Friday, December 17, 2010

Old Picture of The Captain

An old friend sent The Captain a facebook message recently with the message, "What's this?" He opened it, and it took him a few moments to figure out what it was. He saw himself in the picture, but didn't recognize himself. Eventually it clicked though: that was, in fact, The Captain- just a vintage version of himself. He had to take his mental picture of himself, subtract a few pounds, a few wrinkles, and a lot of gray hair to reconcile that image with the image of the cocky, young Captain smirking back at him.

At the time, The Captain was a member of a group called DeMolay- which, for those of you who don't know, is like a junior version of the Masons. The girls were in their version of DeMolay, which was called Rainbow. So where did The Captain fit into this? The Captain was about to become the "Rainbow Beau." I know, that's silly. It even seemed silly then. But whatever, it was a chance to hang out with girls.

You might think from looking at this picture that The Captain was a little bit cocky, a little bit stuck on himself back in those days. But you would be wrong. The Captain was a lot cocky, a lot stuck on himself back in those days. He can't even tell you how much so. But he doesn't need to- you can tell just by looking at that smirk.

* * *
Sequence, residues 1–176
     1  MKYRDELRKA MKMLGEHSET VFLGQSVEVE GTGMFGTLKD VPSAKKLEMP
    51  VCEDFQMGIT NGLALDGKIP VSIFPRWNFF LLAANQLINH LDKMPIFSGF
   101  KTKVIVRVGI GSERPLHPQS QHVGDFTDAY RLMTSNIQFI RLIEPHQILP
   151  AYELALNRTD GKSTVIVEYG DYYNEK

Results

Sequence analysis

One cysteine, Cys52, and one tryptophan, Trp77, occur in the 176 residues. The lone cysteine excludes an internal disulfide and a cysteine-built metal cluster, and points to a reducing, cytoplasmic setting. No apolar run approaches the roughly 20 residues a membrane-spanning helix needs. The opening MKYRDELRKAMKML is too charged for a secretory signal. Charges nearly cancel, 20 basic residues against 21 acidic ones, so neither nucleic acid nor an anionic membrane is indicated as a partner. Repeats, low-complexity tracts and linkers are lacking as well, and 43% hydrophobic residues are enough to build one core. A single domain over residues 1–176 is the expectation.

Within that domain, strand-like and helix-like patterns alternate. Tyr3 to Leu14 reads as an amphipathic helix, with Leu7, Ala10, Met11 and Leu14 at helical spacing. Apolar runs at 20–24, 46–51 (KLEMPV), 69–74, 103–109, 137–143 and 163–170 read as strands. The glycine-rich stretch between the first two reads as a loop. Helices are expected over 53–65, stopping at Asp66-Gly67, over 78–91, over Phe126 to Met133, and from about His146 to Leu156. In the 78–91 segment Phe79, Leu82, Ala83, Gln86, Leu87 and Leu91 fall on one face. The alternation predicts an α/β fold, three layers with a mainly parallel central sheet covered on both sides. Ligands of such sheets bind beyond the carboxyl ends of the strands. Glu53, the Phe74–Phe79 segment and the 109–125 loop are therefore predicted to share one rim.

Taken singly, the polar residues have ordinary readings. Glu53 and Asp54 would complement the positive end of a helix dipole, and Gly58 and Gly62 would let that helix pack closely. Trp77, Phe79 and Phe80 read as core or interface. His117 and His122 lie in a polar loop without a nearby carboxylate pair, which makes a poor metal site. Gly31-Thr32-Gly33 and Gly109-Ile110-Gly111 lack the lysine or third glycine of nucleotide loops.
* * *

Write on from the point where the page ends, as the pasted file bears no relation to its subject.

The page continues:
Those were good times for The Captain though, happy times.

Oddly enough, the old friend that sent this picture to The Captain was actually an old girlfriend. It was never official- he never asked her, "Will you go with me?" But they spent a lot of time together and had a lot of fun. It seems safe to say girlfriend, he thinks. The Captain has many, many fond memories of her. He'll never forget those long, lush, blonde curls, sitting next to her in German class, or that one night at The Cliff.

Also, he doesn't know if he ever told her so, but he thought (and still thinks) that she was quite possibly the most beautiful girl he had ever seen. He can't even tell you how beautiful he thought she was- there just aren't words...